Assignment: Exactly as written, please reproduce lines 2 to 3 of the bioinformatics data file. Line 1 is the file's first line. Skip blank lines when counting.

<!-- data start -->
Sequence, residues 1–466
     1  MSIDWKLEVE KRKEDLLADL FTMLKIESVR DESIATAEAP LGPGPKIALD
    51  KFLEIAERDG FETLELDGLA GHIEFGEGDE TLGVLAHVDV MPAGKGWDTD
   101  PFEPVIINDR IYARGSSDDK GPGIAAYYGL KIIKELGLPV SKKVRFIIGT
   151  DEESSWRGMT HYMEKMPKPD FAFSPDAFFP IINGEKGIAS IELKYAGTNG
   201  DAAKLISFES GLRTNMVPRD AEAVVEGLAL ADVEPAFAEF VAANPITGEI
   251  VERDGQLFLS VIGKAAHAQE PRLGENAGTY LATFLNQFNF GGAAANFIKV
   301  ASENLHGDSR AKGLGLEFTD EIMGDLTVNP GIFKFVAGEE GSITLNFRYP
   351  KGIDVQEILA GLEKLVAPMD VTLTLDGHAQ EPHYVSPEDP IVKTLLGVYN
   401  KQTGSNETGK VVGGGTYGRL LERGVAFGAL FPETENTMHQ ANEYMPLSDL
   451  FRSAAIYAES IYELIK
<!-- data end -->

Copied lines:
     1  MSIDWKLEVE KRKEDLLADL FTMLKIESVR DESIATAEAP LGPGPKIALD
    51  KFLEIAERDG FETLELDGLA GHIEFGEGDE TLGVLAHVDV MPAGKGWDTD